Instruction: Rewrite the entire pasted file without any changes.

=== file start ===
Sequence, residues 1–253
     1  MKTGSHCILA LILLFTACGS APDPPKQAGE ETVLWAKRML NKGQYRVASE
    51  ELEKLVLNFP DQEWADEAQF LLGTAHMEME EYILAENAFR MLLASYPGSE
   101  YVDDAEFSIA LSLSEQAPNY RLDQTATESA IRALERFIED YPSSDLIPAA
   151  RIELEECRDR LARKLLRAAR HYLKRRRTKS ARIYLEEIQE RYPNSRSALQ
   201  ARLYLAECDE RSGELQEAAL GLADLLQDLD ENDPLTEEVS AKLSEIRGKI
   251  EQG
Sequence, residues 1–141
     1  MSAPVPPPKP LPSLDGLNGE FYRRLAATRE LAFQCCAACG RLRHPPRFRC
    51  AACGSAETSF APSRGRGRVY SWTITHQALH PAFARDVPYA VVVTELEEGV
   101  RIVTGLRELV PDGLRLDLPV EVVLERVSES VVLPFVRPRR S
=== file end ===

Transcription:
Sequence, residues 1–253
     1  MKTGSHCILA LILLFTACGS APDPPKQAGE ETVLWAKRML NKGQYRVASE
    51  ELEKLVLNFP DQEWADEAQF LLGTAHMEME EYILAENAFR MLLASYPGSE
   101  YVDDAEFSIA LSLSEQAPNY RLDQTATESA IRALERFIED YPSSDLIPAA
   151  RIELEECRDR LARKLLRAAR HYLKRRRTKS ARIYLEEIQE RYPNSRSALQ
   201  ARLYLAECDE RSGELQEAAL GLADLLQDLD ENDPLTEEVS AKLSEIRGKI
   251  EQG
Sequence, residues 1–141
     1  MSAPVPPPKP LPSLDGLNGE FYRRLAATRE LAFQCCAACG RLRHPPRFRC
    51  AACGSAETSF APSRGRGRVY SWTITHQALH PAFARDVPYA VVVTELEEGV
   101  RIVTGLRELV PDGLRLDLPV EVVLERVSES VVLPFVRPRR S